Will the Fed Trigger Big Inflation?

What now after the Italian downgrade?

From Forbes:

Standard & Poor’s pulled another late move on Monday, downgrading Italy’s sovereign credit rating by one notch to A/A-1.  The credit rating agency cited weakening economic growth prospects as public and private borrowing costs rise, and a fragile political coalition failing to adequately respond to a challenging economic environment.

While the downgrade doesn’t come as a shock, as S&P had Italy under a negative outlook since May, it will rattle markets.  Europe’s sovereign debt woes have grappled nervous markets the last couple of weeks, with every word coming from Greece, Germany, or the ECB sparking massive moves on both sides of the Atlantic.

This has sent certain (risk-addled) European banks spiralling downward, leading the European Systemic Risk Board to warn policy-makers that the time may soon come to make a massive liquidity injection into European markets (i.e., throwing money at saving bad banks)

BNP Paribas:


In America, traders today were in a more bullish mood.

From Zero Hedge:

Shrugging off Italy’s rating downgrade (somewhat expected but continued negative outlook), funding stress in Europe (Libor levitating and Swiss/French banks divergent), cuts in global growth expectations (IMF and World Bank), concerns over systemic risk contagion (ESRB and World Bank), and escalating rhetoric in Sino-US trade wars, US equities have managed to reach up to Friday’s highs as rumors of AAPL being added to the Dow seemed enough for hapless traders.

More significant than excitement over Apple — and the main reason that markets today are levitating, in spite of all the turmoil — is the hope that Bernanke will throw more policy tools at the American economy.

Will he?

Although I have been specific about the idea that QE3 is definitely coming I don’t foresee QE3 being initiated this week. Why?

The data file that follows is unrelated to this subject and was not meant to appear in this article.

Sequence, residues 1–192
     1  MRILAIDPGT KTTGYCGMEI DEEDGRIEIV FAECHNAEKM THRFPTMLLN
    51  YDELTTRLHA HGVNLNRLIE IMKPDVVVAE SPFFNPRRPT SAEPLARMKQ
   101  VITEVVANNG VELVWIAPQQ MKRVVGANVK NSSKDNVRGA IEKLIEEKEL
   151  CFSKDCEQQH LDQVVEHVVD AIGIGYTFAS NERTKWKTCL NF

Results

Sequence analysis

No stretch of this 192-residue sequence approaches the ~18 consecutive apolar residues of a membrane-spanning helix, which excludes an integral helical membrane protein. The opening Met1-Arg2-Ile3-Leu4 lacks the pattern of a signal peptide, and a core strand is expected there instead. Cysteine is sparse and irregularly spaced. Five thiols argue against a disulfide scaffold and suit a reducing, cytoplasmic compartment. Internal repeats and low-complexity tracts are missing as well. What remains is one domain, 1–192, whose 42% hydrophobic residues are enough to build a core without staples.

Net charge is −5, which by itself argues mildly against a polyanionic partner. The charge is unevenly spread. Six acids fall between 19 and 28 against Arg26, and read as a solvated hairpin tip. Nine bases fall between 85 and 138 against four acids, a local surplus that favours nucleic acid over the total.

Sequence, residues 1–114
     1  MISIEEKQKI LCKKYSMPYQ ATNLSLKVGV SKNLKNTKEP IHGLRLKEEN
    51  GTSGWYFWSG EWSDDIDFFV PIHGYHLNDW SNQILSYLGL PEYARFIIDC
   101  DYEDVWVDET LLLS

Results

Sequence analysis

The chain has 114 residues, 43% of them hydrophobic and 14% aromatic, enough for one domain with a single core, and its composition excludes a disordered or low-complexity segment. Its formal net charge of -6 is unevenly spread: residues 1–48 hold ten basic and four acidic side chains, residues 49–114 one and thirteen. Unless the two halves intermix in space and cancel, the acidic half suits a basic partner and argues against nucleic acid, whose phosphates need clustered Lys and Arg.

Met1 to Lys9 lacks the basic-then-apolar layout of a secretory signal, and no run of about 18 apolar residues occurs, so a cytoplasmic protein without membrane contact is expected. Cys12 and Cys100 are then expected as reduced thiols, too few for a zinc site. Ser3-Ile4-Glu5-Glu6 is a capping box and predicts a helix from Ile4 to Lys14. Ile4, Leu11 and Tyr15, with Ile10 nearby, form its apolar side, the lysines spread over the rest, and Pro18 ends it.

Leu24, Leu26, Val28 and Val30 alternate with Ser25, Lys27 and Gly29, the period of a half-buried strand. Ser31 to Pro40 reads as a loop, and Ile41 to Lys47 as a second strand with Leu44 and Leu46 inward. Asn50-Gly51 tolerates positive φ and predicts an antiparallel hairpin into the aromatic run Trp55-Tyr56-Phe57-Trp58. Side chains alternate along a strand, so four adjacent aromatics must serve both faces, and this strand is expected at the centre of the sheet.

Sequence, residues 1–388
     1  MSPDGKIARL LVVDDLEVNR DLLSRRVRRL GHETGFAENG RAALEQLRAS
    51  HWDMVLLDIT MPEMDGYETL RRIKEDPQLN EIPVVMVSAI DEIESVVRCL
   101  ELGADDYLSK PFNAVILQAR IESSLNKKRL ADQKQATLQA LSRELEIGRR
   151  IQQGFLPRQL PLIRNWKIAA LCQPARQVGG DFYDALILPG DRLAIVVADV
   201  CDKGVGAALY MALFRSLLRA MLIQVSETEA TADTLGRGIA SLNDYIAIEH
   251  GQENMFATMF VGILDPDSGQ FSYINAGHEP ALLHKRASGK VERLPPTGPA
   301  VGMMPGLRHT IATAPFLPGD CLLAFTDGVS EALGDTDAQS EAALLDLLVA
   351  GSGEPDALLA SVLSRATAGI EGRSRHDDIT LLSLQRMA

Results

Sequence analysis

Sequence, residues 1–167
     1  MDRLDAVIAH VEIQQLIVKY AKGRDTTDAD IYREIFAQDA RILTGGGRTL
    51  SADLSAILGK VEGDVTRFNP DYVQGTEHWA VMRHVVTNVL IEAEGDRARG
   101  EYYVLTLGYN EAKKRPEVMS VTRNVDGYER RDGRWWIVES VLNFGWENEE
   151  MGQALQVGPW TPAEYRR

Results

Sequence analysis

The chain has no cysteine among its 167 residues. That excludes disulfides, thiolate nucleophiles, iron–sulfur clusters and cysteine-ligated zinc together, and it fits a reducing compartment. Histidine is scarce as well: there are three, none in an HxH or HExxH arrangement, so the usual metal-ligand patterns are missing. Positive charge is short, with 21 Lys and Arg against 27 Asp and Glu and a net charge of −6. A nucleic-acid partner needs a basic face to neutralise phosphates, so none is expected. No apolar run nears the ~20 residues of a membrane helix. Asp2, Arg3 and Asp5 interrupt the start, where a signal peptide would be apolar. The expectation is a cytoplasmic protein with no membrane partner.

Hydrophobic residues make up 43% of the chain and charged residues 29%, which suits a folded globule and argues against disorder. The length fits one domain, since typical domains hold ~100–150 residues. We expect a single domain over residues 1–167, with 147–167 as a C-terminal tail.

Firstly, because I think Joe Biden promised Wen Jiabao that America would hold off QE3 in the short-term to preserve the value of Chinese holdings.

Bernanke will probably initiate a program to roll the Fed’s holdings onto the long-end of the spectrum of bonds: as 2-year bonds in the Fed’s portfolio reach maturity, the Fed will replace those with 10-year bonds, to reduce net interest rates.

More significantly, I expect Bernanke to announce that the Federal Reserve will announce that it will no longer pay interest on excess reserves. Banks have accumulated massive excess reserves since the 2008 crisis, when the Fed determined to pay interest on reserves not lent — ostensibly to increase flexibility in the banking system in case of further collapse:

In theory, unleashing these excess reserves into the economy would get capital to productive ventures without infuriating bondholders and retirees any further with more quantitative easing. But in practice a surge in lending might do the precise opposite — unleashing a tidal wave of inflation, further diminishing the purchasing power of dollars.

The potential loans possible on these reserves could be up to $16 trillion. GDP is currently $14.99 trillion. Unless the GDP keeps pace with the money supply, these new loans would create the potential for substantial amounts of inflation.

Could this be the spark that triggers a runaway inflationary spiral? It could be. It’s not in the interest of either debtors, nor creditors — but that doesn’t remove the risk.